Remembrance of Things Past

Just been to see ‘Patience (After Sebald)’ a documentary based on the W.G.Sebald’s  ‘The Rings of Saturn.

I’d like to say it does the book justice but unfortunately it doesn’t.

Mind you that would be hard because ‘The Rings of Saturn’ is a masterpiece and extraordinary genre twister that is part travel book, part memoir, part biography and part fiction.

Ostensibly it’s a book about a man’s walking tour of East Anglia, the flat landscape of South-Eastern England which most closely resembles Holland.

As he walks he observes landmarks and places, which trigger some seemingly unrelated digressions. Our traveler is reminded of everything from the last days of the imperial Chinese empire to Joseph Conrad’s childhood exile in Siberia to an unrequited romance between two nineteenth century poets.

All the while the book intersperses grainy black and white pictures found or taken by Sebald himself during his trip, making this strange literary journey stranger still.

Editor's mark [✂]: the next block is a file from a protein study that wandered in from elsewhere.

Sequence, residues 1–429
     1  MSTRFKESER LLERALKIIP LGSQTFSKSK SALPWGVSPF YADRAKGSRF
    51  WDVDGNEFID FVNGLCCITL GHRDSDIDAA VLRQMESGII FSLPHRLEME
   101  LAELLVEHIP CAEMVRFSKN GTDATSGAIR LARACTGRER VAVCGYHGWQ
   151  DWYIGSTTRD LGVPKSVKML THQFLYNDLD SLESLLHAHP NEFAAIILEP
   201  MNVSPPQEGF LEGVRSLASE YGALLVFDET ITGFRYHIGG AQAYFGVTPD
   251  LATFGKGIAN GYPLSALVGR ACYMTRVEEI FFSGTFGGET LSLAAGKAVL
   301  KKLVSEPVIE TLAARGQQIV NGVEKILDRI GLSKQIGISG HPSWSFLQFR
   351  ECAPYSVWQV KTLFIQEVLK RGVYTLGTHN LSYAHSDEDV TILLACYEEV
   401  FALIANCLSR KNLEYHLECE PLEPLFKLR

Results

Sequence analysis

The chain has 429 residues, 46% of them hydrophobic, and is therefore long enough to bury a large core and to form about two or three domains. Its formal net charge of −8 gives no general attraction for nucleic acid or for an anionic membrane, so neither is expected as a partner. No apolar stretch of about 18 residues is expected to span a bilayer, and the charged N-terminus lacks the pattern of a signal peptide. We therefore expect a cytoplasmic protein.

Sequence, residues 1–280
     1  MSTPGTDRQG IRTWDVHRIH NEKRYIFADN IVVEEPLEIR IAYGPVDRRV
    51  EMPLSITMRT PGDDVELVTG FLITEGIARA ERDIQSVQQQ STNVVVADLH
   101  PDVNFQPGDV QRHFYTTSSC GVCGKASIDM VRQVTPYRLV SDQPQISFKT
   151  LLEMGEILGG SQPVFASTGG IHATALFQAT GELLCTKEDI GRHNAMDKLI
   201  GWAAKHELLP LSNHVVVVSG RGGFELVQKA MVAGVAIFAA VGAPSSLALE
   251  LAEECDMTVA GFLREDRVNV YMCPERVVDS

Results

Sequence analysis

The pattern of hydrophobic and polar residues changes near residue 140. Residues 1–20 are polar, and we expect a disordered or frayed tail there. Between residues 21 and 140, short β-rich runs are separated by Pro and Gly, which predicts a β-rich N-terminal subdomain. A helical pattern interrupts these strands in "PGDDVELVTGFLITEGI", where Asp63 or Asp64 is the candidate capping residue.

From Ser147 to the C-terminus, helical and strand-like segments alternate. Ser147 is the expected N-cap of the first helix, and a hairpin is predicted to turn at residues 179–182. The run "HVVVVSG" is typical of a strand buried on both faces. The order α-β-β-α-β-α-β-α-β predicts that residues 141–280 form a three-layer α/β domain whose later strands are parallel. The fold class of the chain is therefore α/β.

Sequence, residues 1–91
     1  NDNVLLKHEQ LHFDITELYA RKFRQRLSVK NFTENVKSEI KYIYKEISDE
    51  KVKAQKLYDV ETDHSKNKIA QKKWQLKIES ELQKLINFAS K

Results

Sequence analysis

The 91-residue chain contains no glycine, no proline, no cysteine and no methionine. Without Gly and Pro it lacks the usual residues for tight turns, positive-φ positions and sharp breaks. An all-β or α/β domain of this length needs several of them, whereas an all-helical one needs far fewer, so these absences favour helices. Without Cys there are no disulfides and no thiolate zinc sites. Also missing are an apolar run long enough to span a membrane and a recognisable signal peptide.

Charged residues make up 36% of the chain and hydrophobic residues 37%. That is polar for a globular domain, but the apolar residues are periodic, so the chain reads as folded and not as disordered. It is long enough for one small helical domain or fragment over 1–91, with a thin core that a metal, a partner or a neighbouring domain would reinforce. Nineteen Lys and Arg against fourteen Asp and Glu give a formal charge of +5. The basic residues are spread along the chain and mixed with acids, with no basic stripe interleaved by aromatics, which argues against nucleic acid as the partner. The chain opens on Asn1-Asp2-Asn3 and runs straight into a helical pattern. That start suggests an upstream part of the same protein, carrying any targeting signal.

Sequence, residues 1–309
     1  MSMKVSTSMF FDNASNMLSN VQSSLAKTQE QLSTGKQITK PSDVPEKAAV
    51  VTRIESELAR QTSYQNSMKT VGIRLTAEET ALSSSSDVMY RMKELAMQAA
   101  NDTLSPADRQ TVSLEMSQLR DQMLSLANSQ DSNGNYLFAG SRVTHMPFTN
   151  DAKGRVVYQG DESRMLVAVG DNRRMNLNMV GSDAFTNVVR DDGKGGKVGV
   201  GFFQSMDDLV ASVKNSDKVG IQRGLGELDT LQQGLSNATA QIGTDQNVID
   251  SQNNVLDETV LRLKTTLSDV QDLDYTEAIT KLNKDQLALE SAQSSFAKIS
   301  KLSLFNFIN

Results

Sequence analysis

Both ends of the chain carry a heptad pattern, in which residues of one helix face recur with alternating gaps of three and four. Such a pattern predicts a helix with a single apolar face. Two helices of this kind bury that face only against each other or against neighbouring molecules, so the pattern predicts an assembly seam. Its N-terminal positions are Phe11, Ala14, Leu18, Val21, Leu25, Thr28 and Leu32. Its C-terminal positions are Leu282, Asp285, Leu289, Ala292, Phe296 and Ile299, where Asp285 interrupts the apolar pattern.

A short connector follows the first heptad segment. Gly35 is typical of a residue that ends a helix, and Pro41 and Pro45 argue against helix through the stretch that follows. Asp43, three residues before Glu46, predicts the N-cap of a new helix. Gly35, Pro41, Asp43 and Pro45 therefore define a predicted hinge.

Soon it becomes apparent that there is nothing random about the authors ‘detours’. In fact they are the heart of the story, telling us of the endless tragedy and barbaric cruelty that litters human history. A fact we are all to keen to forget.

This is rather downbeat reality is offset by the amazing grace of the writing. It’s translated from German but Sebald, who lived much of his life in England, closely supervised the superb translation.

Of course, the elephant in the room is the holocaust, which is never once mentioned in the book but is somehow omnipresent.

Sebald was of that German generation who spent their childhood in the aftermath of the Second World War and grew up with what he describes as ‘a conspiracy of silence’ around it.

In books like ‘The Rings of Saturn’ he performs a kind of act of remembrance for tragedies passed, reminding us of the reality of human history in the most engaging and moving way possible.

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